Skier on snow

Common “Fixes” We Do in Ski Lessons

There are a number of common skiing techniques us instructors work on with our clients during ski lessons. This article outlines a few of them and there are some videos here as well.

Your Stance

Most people have their weight in the back – on their heels… like they’re trying to slam on the brakes or push against the slope. All that does is get you further out of control because the pressure (weight) is moved from the tips of the skis to the tails of the skis. It’s kind of like trying to drive your car from the back seat – you have no steering.

Your weight should be more on the ball of your foot but be sure your whole foot feels the snow. Doing this moves more pressure to the tips, which gives you more control. Most people’s instincts are to resist the hill and slam on the brakes to slow down. The better way to slow down is with turn shape (I’ll get into that next).

To get further forward, either flex those knees (close the knee joint) and lean forward (you’ll feel your shins rest in the cuffs of your ski boots), or try pulling your skis back (this does the same thing). Lifting up your toes when you ski sometimes helps but you don’t want to be doing that all the time – just do it to see what being forward in your stance feels like.

Turn Shape

When I started as an instructor and got training, they kept telling me I didn’t finish my turns. I had no idea what this meant for a while. What it means is, I didn’t come across the hill at the end of my turns, I would just go straight down (into the fall line) and start turning again.

The best way to control speed is with turn shape. This way, you’re using the hill to slow down instead of your poor, overworked thigh muscles.

Think about it… if you make a turn and come across the hill to finish and keep going across the hill, what will happen? You’ll eventually stop. This is exactly how I get students from the beginner runs to the intermediate runs. I have them go across the hill until they stop or just about stop and then start the next turn down the hill. We then stop at the end of that turn. We do that most of the way down and then start turning sooner and sooner into the next turn.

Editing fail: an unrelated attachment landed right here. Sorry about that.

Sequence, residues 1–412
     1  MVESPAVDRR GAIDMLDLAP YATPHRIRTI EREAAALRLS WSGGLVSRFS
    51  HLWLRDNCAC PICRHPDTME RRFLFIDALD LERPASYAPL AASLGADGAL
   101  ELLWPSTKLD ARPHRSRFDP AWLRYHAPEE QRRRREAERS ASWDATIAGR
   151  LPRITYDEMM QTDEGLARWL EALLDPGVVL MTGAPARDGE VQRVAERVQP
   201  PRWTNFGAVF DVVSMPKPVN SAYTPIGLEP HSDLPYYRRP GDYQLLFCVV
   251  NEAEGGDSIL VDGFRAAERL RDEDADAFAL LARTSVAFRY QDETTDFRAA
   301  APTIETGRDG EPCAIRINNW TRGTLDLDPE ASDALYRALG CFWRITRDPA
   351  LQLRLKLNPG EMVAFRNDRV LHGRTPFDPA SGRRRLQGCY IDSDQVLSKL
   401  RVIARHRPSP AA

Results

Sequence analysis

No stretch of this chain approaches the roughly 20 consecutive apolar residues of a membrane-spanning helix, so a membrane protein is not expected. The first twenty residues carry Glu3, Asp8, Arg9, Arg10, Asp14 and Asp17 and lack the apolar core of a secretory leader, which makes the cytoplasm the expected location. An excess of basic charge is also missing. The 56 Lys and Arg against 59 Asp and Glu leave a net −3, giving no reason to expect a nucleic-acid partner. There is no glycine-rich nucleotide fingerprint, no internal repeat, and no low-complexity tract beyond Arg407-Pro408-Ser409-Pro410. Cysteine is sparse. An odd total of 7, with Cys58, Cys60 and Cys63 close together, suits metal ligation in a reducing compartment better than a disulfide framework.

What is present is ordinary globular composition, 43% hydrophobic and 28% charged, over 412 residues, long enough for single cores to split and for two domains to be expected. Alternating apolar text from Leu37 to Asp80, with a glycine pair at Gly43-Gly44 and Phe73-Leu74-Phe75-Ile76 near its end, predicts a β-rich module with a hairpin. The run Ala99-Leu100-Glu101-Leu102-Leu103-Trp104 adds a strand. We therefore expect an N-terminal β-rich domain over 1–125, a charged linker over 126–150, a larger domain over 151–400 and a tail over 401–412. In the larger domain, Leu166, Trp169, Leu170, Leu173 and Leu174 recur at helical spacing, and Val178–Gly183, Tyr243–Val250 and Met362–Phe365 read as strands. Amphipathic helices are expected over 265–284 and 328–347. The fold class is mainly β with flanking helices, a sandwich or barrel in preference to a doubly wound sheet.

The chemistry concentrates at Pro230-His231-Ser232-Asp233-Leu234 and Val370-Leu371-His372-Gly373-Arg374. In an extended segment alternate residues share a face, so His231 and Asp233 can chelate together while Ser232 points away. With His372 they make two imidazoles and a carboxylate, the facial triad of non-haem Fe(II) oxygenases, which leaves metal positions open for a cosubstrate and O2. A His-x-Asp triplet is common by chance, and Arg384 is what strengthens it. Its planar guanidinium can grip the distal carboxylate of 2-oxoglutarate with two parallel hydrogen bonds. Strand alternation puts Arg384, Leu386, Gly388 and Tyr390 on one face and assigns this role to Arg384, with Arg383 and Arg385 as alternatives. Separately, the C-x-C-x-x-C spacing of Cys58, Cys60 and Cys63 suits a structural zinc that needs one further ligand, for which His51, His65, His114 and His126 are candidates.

Think of your turns as a series of “C” shaped turns. They eventually turn into “S” turns as you put two “C” turns together. And… that’s skiing.

Weight on the Correct Ski

When you turn, more weight should be on your downhill ski (or outside ski). I used to get this mixed up and forget, so an easy way to remember is that downhill is where all the gravity is, you could say. More weight should be on the ski that’s more downhill.

  • On a left turn, more weight is on your right ski.
  • On a right turn, more weight is on your left ski.

This does not mean you should lean left to go right and lean right to go left – no. Don’t do that because you’ll end up doing movements with your upper body instead of your lower body.

To practice this, try lifting the tail of your uphill (inside) ski. Doing this will keep you forward and put more weight on the downhill (outside) ski. This exercise will essentially put all the weight there, so it’s a good way to learn where your weight (pressure) should go, but then put that ski down and play with adding more weight to that inside ski, but not too much. Finding that “sweet spot” will depend on conditions but still, direct more weight to that outside ski when turning.

Boiling it All Down

Here’s a very technical way of explaining skiing. We call them the 5 fundamentals:

  1. Control the relationship of the center of mass to the base of support to direct pressure along the length of the skis
  2. Control pressure from ski to ski and direct pressure toward the outside ski
  3. Control edge angles through a combination of inclination and angulation
  4. Control the skis rotation (turning, pivoting, steering) with leg rotation, separate from the upper body
  5. Regulate the magnitude of pressure created through ski/snow interaction

In this article, I really only explained #2, so there’s a LOT more to learn. Join me on a lesson and we can go through them together.

And the point of all this is… to have more fun! As you become more efficient, you can progress so you can explore more of the mountain, have more energy, keep up with your friends, ski safer (of course), and get more out of the sport.


Here are a few videos to help you:

These lessons are right on target – take a look. If you’d like, we can go over these tips in person with a ski lesson and I can show you HOW to take care of these issues. I can also watch your skiing and we can agree on some items to improve with your skiing.

Contact me to book a lesson.

Get my Beginning Skiing book.